Oh, happy man. Or at least contented.
Few pop stars have faded from the flare-up of fame with such grace and ease as Lloyd Cole seems to have done. But then, even caught up in the glare of instant acclaim and fame, as he was in the mid-’80s fronting his band the Commotions, Cole always looked like he was wincing and wanting an immediate out.
At the Paradise Lounge on Friday night, Cole played the first show of a two-night solo stint, part of a flurry of promotional duties for his first new solo album in five years, “Music in a Foreign Language,” and the U.S. issue of two other solo records. He bore the guise of middling-aged singer-songwriter type well. But, anchored by his strong, subtly expressive voice, Cole seemed detached from that role.
Even seated and vibing an acoustic guitar into firm rolling rhythm and faint melody, the ex-pat Englishman, who has lived in Massachusetts with his family for quite some time, stood apart from the confessional set. Despite his lyrics centering on personal chats about the trite trappings of fame, as well as wry admissions of more matured personal relationships, he seemed an observer. If only consequence hadn’t added a bittersweet undertone, rendering him ultimately a protagonist.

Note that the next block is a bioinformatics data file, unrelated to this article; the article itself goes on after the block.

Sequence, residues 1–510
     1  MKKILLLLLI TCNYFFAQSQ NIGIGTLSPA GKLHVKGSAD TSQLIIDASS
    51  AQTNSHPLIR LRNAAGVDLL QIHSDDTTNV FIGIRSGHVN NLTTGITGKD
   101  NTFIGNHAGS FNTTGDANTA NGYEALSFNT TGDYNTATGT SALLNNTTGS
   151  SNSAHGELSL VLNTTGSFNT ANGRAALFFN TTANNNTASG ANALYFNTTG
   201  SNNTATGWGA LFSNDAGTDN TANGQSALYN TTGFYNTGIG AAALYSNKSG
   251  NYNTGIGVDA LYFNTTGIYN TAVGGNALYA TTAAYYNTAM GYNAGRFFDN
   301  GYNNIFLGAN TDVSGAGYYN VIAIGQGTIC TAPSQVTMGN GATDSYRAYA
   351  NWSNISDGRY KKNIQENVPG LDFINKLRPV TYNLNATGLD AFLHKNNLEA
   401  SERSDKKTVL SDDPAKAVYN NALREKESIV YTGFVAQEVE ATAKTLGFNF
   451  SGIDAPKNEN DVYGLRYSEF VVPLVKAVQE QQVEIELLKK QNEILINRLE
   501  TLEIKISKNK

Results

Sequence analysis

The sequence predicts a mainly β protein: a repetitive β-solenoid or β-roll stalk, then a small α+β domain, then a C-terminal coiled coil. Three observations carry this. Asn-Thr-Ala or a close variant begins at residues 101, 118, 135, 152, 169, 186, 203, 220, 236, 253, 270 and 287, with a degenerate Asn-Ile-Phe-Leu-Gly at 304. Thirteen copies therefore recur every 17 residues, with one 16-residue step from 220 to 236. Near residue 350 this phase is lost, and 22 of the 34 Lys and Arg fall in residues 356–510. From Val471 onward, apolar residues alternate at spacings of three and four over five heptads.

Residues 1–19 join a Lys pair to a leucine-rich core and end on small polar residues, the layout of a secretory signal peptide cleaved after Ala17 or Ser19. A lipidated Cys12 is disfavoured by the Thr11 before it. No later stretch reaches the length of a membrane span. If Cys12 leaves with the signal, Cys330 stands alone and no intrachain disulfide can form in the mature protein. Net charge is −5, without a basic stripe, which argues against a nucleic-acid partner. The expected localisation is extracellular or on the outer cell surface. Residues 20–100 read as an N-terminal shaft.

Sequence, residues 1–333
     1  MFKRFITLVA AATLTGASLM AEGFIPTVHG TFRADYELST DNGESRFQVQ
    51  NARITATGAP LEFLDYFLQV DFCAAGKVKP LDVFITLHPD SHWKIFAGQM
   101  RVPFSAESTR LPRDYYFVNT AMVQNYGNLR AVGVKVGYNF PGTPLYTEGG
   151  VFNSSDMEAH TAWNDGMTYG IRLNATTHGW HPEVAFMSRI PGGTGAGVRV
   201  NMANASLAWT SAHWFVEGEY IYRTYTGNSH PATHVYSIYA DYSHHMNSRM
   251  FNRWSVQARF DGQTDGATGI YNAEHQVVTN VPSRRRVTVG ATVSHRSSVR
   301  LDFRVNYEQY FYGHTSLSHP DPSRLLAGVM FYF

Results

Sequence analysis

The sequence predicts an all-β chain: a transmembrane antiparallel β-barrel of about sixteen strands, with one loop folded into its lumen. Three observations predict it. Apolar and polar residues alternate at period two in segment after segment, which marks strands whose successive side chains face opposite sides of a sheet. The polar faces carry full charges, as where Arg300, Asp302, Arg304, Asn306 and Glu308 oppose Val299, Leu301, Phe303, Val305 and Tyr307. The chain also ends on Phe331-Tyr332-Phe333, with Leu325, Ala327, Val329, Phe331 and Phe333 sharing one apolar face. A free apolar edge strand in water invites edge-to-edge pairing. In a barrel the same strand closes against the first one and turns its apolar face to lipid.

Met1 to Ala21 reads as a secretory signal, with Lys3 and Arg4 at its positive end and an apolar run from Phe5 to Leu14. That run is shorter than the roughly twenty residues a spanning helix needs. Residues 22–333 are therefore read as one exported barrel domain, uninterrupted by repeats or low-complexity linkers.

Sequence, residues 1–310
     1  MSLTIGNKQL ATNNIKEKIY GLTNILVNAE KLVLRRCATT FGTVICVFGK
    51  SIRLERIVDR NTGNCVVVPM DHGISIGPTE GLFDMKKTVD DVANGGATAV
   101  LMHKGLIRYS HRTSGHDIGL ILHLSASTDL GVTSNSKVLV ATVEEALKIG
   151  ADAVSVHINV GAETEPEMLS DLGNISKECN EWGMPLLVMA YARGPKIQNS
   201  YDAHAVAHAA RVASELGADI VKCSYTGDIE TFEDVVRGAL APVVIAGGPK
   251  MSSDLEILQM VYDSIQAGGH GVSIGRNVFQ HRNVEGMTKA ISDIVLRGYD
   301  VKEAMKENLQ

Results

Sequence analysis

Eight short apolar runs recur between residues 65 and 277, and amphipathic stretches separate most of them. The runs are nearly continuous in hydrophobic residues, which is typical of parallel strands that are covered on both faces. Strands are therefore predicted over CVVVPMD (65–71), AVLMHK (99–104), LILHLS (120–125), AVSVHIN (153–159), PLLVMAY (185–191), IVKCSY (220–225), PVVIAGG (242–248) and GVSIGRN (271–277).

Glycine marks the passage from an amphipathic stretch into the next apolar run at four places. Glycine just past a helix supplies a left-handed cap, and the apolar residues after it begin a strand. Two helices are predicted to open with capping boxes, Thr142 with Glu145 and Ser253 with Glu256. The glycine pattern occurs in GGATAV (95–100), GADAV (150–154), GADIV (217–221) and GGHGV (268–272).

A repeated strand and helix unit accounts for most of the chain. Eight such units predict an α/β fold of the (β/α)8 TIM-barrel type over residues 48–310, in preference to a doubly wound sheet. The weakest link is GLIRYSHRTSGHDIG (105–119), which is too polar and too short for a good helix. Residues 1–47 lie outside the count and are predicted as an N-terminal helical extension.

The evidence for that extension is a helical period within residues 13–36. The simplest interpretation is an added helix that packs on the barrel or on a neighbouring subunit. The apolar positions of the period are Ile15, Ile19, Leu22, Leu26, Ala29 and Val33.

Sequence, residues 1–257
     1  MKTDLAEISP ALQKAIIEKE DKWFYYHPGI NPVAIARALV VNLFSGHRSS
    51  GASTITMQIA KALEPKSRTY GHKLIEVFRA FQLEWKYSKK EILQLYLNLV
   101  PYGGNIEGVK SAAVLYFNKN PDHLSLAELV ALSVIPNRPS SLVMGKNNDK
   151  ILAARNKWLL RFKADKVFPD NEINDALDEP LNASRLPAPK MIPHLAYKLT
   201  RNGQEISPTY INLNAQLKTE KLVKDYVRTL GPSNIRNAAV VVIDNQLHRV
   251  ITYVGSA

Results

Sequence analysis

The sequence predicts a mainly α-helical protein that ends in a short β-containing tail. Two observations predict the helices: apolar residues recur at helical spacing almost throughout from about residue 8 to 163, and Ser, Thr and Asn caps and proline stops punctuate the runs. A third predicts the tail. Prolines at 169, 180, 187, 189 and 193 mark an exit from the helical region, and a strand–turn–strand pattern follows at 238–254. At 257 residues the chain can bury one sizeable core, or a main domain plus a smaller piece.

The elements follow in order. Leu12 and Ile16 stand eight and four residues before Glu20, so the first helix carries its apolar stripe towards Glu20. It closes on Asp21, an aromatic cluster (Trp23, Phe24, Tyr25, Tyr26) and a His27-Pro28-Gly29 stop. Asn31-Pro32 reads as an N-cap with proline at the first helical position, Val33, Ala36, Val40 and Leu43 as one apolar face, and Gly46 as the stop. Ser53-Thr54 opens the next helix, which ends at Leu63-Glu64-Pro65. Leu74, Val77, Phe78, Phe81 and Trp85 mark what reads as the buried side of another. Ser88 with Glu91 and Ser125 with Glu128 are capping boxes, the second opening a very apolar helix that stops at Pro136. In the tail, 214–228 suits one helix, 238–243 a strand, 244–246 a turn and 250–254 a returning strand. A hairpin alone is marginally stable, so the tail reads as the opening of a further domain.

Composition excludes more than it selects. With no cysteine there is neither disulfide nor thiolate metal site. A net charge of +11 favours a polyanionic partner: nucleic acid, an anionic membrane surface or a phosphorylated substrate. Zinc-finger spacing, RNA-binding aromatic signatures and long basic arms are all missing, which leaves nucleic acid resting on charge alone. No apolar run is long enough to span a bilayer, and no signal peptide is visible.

Peeling off song after song after song, Cole peppered his ethereal midtempo musing with earthy jibes at such a self-centered lifestyle as his. Though rounder of face and grayer of hair, and the black leather rebel clobber gone, Cole still seemed distanced from the milieu and even, somewhat healthily, from his study of it.
Publication: Boston Herald
Publication date: 16/05/04